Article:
Robin's nest in our yard

What was so great, was that we were all of a sudden aware of all the birds around us.   We had never really noticed them before.  Now we were seeing them everywhere and we wanted to know what kind they were.  

We had always liked hiking, camping, and being outdoors in general.  Chad, my husband, had always been great about helping the kids catch frogs, bug, snakes, etc.  However, we had been missing so much!   We got some more field guides and we all began to learn about all of God's amazing creatures that were right around us the whole time.

We are not experts, and my kids know WAY more than I do, but, here is what has worked for us:

*Bird Feeders -  Go to your local stores and just pick out a feeder and seed, nectar, or a thistle sock.   Hang them up somewhere around your house where you are sure to see them everyday by just looking out the window.   Also...try some Suet!   We've seen some of the coolest birds on our suet.  You'll find it in with bird seed.

Thistle Sock and Goldfinches
Red-Bellied Woodpecker and Northern Cardinal on Suet
Ruby-Throated Hummingbird at our Hummingbird feeder
*Birdhouses -  These are a fun family project!  Make them from scratch, buy a kit, or by one preassembled.   Hang it up where you can easily watch it.  You can look online for how to make and hang a house for specific birds.   There is nothing like observing birds, all the way from making a nest, to the babies flying away.

* Field Guides  -   I'm going to list some of our favorites (affiliate links).    We've found them at yard sales, thrift stores, book stores and online.

*  As homeschoolers, nature study has become a huge part of our schooling.   This book, Handbook of Nature Study, has been great!   I take it everywhere we go and we use it to look up just about everything.   It sometimes gives us little observation activities and gets us investigating and thinking.    It's not just about wildlife, we've learned about erosion while at the river and trees and roots while hiking.   It's a wonderful resource!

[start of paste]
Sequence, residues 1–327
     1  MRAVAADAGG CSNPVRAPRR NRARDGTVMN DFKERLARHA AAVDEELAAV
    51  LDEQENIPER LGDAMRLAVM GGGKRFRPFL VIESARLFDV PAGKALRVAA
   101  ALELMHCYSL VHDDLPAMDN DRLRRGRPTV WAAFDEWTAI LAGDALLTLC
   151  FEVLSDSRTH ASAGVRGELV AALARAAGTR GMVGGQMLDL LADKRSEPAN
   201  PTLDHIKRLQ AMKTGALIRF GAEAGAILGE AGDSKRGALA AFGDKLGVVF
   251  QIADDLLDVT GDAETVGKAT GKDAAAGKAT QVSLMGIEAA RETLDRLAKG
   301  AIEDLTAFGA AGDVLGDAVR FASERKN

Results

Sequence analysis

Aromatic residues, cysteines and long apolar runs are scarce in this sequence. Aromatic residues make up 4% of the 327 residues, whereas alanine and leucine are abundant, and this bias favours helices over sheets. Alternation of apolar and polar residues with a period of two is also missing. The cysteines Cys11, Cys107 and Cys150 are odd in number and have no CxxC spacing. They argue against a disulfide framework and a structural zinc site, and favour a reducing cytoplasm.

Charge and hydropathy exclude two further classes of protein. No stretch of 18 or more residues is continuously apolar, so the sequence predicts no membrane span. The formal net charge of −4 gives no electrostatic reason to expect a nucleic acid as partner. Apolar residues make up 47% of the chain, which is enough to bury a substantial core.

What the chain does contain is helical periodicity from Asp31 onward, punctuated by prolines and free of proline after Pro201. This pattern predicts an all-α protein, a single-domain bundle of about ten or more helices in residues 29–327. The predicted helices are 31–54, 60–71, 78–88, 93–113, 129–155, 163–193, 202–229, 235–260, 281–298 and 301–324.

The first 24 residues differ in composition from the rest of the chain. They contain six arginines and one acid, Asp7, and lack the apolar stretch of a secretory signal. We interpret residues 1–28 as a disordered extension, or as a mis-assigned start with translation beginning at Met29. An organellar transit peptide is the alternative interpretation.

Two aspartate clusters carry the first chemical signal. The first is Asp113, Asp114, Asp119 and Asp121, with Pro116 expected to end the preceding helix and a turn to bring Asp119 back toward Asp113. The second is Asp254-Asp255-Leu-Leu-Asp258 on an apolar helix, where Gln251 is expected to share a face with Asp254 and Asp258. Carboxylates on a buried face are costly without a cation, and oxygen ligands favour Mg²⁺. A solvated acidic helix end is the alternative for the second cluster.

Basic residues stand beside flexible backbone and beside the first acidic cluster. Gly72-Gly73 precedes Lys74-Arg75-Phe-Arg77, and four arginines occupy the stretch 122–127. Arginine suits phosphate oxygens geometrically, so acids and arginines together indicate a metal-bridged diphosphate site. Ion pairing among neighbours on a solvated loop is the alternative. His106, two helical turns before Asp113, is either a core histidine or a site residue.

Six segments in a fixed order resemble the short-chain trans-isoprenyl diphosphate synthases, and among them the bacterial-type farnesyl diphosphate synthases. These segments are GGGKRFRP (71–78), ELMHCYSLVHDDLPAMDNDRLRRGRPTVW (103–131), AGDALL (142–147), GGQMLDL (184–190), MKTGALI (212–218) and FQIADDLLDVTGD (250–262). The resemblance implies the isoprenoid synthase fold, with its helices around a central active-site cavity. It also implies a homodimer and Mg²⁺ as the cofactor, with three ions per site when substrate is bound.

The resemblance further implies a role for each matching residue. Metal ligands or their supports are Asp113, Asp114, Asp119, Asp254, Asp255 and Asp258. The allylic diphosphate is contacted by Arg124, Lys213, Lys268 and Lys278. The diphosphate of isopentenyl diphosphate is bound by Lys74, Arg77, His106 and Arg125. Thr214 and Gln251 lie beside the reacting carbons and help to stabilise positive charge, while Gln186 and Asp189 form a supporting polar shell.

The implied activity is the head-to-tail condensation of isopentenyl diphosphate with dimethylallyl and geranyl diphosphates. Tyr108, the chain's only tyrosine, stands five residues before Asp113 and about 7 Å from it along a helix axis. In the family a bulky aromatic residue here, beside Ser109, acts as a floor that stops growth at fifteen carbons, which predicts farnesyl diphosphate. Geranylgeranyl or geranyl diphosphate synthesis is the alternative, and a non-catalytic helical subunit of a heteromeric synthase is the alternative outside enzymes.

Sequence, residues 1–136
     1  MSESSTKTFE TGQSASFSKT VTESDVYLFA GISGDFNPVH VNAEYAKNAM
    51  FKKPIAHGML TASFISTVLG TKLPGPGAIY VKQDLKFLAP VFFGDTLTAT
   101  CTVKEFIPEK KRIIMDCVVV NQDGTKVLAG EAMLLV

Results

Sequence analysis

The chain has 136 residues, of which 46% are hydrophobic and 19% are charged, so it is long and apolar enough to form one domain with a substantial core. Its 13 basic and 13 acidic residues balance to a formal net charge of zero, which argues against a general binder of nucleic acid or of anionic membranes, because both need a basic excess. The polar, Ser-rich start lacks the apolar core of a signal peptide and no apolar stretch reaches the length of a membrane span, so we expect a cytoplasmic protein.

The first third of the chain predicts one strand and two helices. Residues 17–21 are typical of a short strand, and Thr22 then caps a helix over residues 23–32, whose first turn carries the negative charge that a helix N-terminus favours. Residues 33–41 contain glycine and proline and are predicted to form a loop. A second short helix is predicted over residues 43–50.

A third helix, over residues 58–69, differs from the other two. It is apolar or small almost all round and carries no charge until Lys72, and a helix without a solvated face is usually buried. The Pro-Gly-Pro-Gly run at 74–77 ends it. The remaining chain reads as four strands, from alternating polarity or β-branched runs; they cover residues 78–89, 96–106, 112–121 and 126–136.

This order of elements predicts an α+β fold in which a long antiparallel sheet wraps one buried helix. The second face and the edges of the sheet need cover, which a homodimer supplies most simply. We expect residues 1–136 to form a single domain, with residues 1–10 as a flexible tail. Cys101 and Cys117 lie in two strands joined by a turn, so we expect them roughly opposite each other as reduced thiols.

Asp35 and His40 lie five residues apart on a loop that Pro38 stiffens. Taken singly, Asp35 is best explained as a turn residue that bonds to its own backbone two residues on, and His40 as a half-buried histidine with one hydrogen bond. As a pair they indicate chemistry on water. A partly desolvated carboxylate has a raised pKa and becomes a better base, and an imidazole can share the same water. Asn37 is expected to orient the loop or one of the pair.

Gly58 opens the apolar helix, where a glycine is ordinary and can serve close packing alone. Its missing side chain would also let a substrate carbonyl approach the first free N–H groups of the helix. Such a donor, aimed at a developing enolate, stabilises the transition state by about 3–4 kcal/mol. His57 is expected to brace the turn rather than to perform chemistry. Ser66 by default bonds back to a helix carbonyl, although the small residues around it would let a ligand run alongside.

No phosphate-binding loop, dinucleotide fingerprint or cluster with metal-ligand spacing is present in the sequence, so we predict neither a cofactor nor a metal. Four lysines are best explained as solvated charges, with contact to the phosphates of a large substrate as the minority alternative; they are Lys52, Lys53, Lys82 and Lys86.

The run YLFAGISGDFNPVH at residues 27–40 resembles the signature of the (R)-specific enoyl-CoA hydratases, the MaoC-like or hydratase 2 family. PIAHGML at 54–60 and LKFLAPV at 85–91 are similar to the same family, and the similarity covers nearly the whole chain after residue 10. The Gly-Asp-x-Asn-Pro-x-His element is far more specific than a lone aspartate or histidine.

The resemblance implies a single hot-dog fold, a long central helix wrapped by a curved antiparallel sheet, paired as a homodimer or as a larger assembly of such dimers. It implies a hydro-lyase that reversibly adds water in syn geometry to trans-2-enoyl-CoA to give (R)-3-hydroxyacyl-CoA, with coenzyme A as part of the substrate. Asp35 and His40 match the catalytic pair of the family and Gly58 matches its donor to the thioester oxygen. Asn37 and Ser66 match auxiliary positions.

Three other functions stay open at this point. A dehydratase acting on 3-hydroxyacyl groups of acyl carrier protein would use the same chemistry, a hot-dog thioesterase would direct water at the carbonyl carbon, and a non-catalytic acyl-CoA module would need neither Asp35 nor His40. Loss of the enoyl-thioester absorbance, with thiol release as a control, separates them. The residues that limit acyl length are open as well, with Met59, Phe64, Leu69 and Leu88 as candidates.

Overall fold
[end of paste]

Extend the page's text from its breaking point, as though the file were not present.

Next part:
Milkweed Pod

*Nature Stories - There are so many great books out there.  I never realized how educational fiction can be!   Ethan has read the Guardians of Ga'Hoole series and learned about wolves, owls, snakes and more.   We've grown to love Thornton Burgess books!     Jack's Insects (Yesterday's Classics) is an amazing book for older kids.  Books like this played a huge part in us growing to love learning about creation.  My kids got into the characters of these books without even realizing they were learning about different animals.

Favorite Thornton Burgess Animal Stories Boxed Set (Sets)

*Be prepared!  -  Try to keep things with you like binoculars, jars, buckets, nets, etc.   We also try to take at least 10 - 15 minutes to nature journal when we go out.  Don't be afraid to get dirty and keep your eyes out for things you've never seen before!

*  I think the biggest thing for us has been turning off the tv and getting rid of video games.   Every family is different, and we have our moments,  but this has been huge for us.   We never watched a ton, but, now it's hardly any at all.  Our kids hardly ever get bored now.   I've seen their love for the outdoors and their curiosity and creativity go through the roof over the past year.  Also, their growing love for reading has been such a blessing!

Find things you and your kids are interested in.   Look for good books to read about that topic.  Find places in your area to go and get away from everyday life....wildlife refuges, birding parks, gardens, etc.   Also, seek out organizations in your area that will help  you learn more.   We found our local Ornithology group and they have poured into my kids and it has been a huge help!   Pray for God to make your family stand in awe as you observe His creation...I believe He will!

Posted by Momma

Monday, October 20, 2014


Red Tailed Hawk.               

Here is what I have learned about birds: 

A bird's beak is made out of the same stuff our
nails are made out of, which is keratin.  They have strong
scaly legs and sharp toe nails. All birds are
different from each other.  Most of the time male and female birds look different.  In some species, the male and female look alike.

Red Tailed Hawk.

All birds have feathers,
two strong powerful wings, and one
strong beak.  Some birds have curved
beaks, some birds have long beaks,
some birds have short plump bills.  Not all
birds can fly,  like the Kiwi Bird.
Birds lay their eggs in nests,  but all
nests are not the same.  Some bids
make their nests on the ground,
in cliffs,  city's,  trees, holes,  poles,
or stands.  some birds are herbivores,
some birds are carnivores,  some are
 omnivores.  All birds
have different songs except the
northern mockingbird,  who mocks other birds.
Lots of birds migrate.

 I love birds and I love to learn
more about them!

Posted by Luke